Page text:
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Old November 1st, 2002, 03:25 AM   #1
sakura_888
 
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Sennheiser evolution wireless problem

I just bought EW112P camera Mountable lav, now there is one problem. I only can received from one channel, so does any one have the similar problem? Or I just mess something wrong.
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Old November 1st, 2002, 06:56 AM   #2
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EW112P

Sakura,

I am jumping into this not knowing what camera you have or what you actually bought but...

I believe that is a mono microphone, only one channel of output from the receiver.

Are you plugging the receiver into a stereo jack? If so, then you will still only get one channel.

When I need to run wireless I run on EW112P into the left channel and another EW112P into the right channel on a Sony PD-150.

Hope this helps!
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Old November 1st, 2002, 07:11 AM   #3
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Sakura,

Ottotune is right...it'll be better to head this off from becoming a guessing match and to give you more accurate suggestions by getting more info first. Can you give us a bit more info?
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Old November 1st, 2002, 11:02 AM   #4
sakura_888
 
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I think I bought ME2 clip-on micoophone with all other wireless set. The camcorder I am using is Canon XL1. I tried to use RCA both right and left channel to connect mini jack plug which was used for ME2 clip-on mic. I think what I used is stereo jack plug.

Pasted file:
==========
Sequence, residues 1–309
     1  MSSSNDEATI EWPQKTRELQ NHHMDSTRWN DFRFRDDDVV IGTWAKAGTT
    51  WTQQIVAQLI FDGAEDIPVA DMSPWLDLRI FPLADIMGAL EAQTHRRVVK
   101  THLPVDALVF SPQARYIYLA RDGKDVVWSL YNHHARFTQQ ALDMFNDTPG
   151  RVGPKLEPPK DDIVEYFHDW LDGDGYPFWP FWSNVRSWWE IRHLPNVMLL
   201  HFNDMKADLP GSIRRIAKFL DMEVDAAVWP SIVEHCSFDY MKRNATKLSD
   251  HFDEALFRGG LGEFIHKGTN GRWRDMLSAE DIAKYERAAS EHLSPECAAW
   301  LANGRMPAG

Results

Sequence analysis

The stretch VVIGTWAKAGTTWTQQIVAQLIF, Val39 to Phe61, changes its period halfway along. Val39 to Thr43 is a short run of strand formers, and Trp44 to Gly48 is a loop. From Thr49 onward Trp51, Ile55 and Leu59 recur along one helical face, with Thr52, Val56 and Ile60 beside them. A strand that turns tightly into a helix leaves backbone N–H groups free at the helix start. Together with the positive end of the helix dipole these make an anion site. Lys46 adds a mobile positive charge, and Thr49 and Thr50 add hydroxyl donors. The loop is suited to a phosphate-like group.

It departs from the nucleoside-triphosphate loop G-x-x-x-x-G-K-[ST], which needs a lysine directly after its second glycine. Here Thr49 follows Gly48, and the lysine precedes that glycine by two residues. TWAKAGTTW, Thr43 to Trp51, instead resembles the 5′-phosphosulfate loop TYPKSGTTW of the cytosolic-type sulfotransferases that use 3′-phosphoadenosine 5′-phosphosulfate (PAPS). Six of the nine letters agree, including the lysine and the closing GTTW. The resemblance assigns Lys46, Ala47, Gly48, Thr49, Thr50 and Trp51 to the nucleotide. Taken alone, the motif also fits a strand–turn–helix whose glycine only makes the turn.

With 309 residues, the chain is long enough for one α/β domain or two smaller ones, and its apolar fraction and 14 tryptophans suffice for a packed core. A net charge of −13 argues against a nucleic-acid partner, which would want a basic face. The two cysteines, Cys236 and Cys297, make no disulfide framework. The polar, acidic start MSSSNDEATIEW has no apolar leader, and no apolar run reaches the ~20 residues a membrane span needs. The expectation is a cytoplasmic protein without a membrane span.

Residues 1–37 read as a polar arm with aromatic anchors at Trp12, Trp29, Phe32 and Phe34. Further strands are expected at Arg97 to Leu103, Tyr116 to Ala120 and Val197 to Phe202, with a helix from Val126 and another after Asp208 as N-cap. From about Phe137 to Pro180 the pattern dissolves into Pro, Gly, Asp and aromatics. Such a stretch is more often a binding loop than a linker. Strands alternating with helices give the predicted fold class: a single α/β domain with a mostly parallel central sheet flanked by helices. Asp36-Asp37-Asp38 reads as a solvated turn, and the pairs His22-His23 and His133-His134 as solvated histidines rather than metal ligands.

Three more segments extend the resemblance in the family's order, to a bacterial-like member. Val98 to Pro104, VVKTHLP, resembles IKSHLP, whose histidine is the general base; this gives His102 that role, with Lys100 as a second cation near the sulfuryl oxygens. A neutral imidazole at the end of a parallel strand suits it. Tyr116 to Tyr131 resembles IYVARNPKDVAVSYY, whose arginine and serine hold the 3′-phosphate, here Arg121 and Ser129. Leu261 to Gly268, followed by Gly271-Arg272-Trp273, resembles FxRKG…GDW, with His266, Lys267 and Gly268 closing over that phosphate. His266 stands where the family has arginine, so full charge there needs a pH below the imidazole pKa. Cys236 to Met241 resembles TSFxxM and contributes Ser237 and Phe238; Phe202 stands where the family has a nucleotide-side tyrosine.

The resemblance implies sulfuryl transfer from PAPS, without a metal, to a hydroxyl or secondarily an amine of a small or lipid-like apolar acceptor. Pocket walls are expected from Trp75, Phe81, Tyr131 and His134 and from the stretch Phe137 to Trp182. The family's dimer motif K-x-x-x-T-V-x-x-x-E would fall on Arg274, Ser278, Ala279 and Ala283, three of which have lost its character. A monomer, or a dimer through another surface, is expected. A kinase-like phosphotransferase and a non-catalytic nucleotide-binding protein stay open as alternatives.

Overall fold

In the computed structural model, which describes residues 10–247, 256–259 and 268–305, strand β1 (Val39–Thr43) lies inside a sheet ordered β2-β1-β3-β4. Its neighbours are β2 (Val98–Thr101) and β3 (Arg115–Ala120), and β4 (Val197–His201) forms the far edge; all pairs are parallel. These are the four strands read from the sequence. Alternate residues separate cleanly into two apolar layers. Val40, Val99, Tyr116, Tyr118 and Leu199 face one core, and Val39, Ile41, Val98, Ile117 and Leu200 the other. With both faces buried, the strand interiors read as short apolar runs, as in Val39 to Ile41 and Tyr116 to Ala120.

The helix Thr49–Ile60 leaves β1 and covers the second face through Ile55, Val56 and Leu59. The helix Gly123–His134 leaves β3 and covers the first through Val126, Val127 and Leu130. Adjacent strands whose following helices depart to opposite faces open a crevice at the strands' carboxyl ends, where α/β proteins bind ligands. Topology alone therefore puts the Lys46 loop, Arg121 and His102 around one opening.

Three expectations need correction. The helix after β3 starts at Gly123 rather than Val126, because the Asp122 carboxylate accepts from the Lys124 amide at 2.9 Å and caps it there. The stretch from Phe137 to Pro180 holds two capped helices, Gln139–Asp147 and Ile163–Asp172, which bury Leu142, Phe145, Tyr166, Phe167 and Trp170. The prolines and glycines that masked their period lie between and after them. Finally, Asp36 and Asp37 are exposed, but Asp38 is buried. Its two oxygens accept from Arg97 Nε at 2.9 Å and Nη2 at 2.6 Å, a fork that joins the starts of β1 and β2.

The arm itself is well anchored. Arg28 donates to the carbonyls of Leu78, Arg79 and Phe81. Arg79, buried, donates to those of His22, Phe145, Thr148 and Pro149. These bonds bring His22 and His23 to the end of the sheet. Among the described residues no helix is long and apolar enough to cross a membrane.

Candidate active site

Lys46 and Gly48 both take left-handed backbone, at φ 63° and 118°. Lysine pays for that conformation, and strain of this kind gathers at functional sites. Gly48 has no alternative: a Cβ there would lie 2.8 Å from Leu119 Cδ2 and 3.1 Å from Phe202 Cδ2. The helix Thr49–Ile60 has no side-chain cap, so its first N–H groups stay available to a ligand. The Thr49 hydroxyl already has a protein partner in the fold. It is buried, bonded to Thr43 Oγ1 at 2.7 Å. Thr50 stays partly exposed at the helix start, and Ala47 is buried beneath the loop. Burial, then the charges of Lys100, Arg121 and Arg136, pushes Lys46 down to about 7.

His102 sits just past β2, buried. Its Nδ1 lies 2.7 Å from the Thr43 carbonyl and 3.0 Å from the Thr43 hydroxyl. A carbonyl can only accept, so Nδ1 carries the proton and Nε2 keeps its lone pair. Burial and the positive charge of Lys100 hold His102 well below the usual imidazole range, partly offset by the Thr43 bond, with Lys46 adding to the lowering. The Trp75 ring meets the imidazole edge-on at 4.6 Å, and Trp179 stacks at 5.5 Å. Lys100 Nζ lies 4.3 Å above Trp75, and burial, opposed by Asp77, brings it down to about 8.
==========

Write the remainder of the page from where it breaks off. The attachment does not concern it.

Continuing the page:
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Old November 1st, 2002, 04:12 PM   #5
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Do it in post.

You could have a problem with stereo adapter. Try switching the plugs around and see if it follows the plug channel.

The best way to get around this problem is to fix in post. Just copy whatever channel the audio is on to the other channel. This frees the other channel for another audio source during production.
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Old December 5th, 2002, 06:52 PM   #6
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I was just talking to an engineer about this today. It has something to do with the output being balanced or unbalnaced. He told me that an unbalnced output (like the EW112P) will not give you a stereo signal. This may be some of your problem, and I'm sorry I can't explain more, but this "teknikal stuff" is over my head. But if you keep having problems then talk to someone about the balanced or unbalnaced output. I just ordered a EW112P today, this is why this conversation came up. But he also told me that most mics are unbalnced so I wasn't getting any less of a mic system that is out there now. Hope this helps or probably jsut confused you more.
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Old December 5th, 2002, 07:18 PM   #7
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Balance does not mean stereo.

Kelly,

It is true that the EW112p is an unbalance system. That has nothing to do with the fact that the mic is also monaural. The balance that the engineer was refering to has to do with the signal out of a balanced mic system.

Microphone cables can act like antennas. By using balanced cables reduces the noise from this noise. Since the noise is impressed across the conductors in the balanced system, the system is designed to reject this. Audio from the mic, however, is not rejected.

Again the best way to get the audio to both channels of a camcorder from a mono mic is to fix it in post with your editing package.

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Old December 5th, 2002, 08:50 PM   #8
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Nate,
Gotcha. Like I said, this stuff is way beyond me. I should just shut up and keep pointing and shooting. Thanks for the help, I am slowly learning much about all this stuff.